Utilities Sector 1Q18: Best And Worst

Utilities Sector 1Q18: Best And Worst

The Utilities sector ranks seventh out of the 11 sectors as detailed in our 1Q18 Sector Ratings for ETFs and Mutual Funds report. Last quarter, the Utilities sector ranked ninth. It gets our Unattractive rating, which is based on an aggregation of ratings of 11 ETFs and 35 mutual funds in the Utilities sector as of January 15, 2018. See a recap of our 4Q17 Sector Ratings here.

Check out our H2 hedge fund letters here.


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Figure 1 ranks from best to worst the eight Utilities ETFs that meet our liquidity standards and Figure 2 shows the five best and worst-rated Utilities mutual funds. Not all Utilities sector ETFs and mutual funds are created the same. The number of holdings varies widely (from 16 to 236). This variation creates drastically different investment implications and, therefore, ratings.

Investors seeking exposure to the Utilities sector should buy one of the Attractive-or-better rated ETFs or mutual funds from Figures 1 and 2.

Our Robo-Analyst technology empowers our unique ETF and mutual fund rating methodology, which leverages our rigorous analysis of each fund’s holdings.[1] We think advisors and investors focused on prudent investment decisions should include analysis of fund holdings in their research process for ETFs and mutual funds.

Figure 1: ETFs with the Best & Worst Ratings – Top 5

* Best ETFs exclude ETFs with TNAs less than $100 million for inadequate liquidity.

Sources: New Constructs, LLC and company filings

PowerShares DWA Utilities Momentum Portfolio (PUI) and John Hancock Multifactor Utilities ETF (JHMU) are excluded from Figure 1 because their total net assets (TNA) are below $100 million and do not meet our liquidity minimums.

Figure 2: Mutual Funds with the Best & Worst Ratings – Top 5

* Best mutual funds exclude funds with TNAs less than $100 million for inadequate liquidity.

Sources: New Constructs, LLC and company filings

Rydex Guggenheim S&P 500 Equal Weight Utilities ETF (RYU) is the top-rated Utilities ETF and American Century Quantitative Equity Utilities Fund (BULIX) is the top-rated Utilities mutual fund. Both earn an Attractive rating.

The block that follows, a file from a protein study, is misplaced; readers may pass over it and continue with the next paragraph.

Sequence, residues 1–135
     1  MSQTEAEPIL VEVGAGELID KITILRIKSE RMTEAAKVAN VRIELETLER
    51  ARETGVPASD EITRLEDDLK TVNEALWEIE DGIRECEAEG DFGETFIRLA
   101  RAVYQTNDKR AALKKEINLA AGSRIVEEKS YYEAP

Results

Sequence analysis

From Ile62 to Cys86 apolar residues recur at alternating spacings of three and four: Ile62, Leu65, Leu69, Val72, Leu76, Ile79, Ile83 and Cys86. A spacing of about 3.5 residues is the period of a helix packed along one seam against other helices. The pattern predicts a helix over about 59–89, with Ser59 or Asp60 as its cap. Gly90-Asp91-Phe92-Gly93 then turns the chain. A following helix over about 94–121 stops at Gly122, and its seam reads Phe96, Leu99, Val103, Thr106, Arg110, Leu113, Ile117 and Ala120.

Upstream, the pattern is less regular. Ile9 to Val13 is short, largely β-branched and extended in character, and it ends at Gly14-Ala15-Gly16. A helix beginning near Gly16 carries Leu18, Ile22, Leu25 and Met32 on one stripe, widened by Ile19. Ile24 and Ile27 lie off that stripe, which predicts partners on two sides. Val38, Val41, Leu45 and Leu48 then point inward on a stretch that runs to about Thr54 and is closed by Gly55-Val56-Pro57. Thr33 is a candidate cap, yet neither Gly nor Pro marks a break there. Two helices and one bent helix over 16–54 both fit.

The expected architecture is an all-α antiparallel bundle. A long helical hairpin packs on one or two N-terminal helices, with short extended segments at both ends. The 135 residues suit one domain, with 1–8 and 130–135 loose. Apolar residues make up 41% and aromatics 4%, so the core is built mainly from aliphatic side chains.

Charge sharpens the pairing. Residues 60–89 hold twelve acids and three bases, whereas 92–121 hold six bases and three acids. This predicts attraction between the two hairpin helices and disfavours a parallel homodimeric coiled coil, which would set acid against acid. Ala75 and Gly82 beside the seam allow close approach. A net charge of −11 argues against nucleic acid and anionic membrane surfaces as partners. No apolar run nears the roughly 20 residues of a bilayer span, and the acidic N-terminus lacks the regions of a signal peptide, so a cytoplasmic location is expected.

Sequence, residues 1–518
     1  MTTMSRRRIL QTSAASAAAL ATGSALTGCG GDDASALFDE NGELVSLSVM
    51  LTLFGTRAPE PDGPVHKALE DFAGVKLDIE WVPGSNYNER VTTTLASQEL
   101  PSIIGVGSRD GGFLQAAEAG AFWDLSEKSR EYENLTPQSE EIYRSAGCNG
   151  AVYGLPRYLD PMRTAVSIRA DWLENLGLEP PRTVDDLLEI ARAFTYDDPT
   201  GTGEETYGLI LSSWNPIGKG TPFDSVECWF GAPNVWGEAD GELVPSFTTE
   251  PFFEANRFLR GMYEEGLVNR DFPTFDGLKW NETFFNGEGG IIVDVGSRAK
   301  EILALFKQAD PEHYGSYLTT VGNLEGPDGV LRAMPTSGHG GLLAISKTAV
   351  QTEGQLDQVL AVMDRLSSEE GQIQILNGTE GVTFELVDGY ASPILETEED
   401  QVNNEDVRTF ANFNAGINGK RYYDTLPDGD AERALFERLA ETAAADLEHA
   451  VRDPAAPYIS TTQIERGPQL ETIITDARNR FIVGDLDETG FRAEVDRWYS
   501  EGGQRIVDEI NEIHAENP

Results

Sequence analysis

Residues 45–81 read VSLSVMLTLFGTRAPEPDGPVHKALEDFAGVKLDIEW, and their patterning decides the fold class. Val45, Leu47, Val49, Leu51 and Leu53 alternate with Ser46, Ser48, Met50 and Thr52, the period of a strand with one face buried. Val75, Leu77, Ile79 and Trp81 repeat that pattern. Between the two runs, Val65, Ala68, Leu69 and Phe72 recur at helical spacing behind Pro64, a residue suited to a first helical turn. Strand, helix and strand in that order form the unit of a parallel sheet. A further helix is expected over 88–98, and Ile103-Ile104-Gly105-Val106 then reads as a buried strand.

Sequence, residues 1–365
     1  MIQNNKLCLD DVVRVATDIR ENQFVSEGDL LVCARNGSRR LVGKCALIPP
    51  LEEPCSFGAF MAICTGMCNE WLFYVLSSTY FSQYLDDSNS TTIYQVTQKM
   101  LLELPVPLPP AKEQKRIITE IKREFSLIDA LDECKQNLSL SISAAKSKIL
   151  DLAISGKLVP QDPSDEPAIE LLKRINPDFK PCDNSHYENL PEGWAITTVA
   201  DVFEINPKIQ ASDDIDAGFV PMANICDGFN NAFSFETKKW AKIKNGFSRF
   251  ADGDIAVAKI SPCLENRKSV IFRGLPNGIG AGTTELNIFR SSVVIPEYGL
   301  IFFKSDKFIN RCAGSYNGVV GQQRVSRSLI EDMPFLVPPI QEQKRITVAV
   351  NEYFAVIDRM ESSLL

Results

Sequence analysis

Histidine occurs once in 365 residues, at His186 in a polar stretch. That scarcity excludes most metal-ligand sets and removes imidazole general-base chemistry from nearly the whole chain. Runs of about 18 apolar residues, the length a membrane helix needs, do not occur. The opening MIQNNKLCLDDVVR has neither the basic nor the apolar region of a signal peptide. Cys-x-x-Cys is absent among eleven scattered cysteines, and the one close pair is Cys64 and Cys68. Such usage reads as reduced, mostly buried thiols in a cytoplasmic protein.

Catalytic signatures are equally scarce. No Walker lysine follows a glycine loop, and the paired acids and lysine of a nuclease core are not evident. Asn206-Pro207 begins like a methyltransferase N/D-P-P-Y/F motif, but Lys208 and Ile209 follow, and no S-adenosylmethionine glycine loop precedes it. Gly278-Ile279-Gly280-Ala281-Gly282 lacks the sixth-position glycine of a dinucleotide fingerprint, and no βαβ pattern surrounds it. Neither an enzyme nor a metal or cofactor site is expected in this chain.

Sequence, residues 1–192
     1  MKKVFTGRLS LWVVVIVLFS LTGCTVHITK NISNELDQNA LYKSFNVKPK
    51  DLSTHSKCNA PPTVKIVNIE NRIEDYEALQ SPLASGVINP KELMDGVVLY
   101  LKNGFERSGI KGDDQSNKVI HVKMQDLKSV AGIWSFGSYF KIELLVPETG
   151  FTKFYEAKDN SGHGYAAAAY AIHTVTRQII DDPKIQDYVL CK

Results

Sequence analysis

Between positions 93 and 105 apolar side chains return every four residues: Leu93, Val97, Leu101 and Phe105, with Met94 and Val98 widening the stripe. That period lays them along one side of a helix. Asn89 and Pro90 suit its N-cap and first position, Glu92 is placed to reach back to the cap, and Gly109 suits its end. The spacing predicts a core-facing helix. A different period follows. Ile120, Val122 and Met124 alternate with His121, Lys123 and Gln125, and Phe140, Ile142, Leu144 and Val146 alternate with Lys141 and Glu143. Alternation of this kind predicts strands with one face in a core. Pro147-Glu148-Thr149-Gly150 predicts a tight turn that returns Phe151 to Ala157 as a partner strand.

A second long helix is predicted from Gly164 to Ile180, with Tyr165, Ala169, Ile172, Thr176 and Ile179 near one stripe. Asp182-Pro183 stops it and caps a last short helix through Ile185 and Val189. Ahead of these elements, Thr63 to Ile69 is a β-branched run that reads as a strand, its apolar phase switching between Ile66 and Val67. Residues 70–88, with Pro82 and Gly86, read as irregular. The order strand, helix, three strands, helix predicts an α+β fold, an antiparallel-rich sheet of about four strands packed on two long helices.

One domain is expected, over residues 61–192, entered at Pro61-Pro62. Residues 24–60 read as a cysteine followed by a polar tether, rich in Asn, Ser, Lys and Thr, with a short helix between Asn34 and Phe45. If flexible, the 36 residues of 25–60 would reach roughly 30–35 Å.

PowerShares S&P SmallCap Utilities Portfolio (PSCU) is the worst rated Utilities ETF and ICON Utilities Fund (ICTVX) is the worst rated Utilities mutual fund. Both earn a Very Unattractive rating.

74 stocks of the 3000+ we cover are classified as Utilities stocks.

The Danger Within

Buying a fund without analyzing its holdings is like buying a stock without analyzing its business and finances. Put another way, research on fund holdings is necessary due diligence because a fund’s performance is only as good as its holdings’ performance. Don’t just take our word for it, see what Barron’s says on this matter.


Analyzing each holding within funds is no small task. Our Robo-Analyst technology enables us to perform this diligence with scale and provide the research needed to fulfill the fiduciary duty of care. More of the biggest names in the financial industry (see At BlackRock, Machines Are Rising Over Managers to Pick Stocks) are now embracing technology to leverage machines in the investment research process. Technology may be the only solution to the dual mandate for research: cut costs and fulfill the fiduciary duty of care. Investors, clients, advisors and analysts deserve the latest in technology to get the diligence required to make prudent investment decisions.

Figures 3 and 4 show the rating landscape of all Utilities ETFs and mutual funds.

Figure 3: Separating the Best ETFs From the Worst ETFs

Sources: New Constructs, LLC and company filings

Figure 4: Separating the Best Mutual Funds from the Worst Mutual Funds

Sources: New Constructs, LLC and company filings

This article originally published on January 16, 2018.

Disclosure: David Trainer, Kyle Guske II, and Pete Apockotos receive no compensation to write about any specific stock, sector or theme.

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[1] Ernst & Young’s recent white paper “Getting ROIC Right” proves the superiority of our holdings research and analytics.

Article by Kyle Guske II, New Constructs

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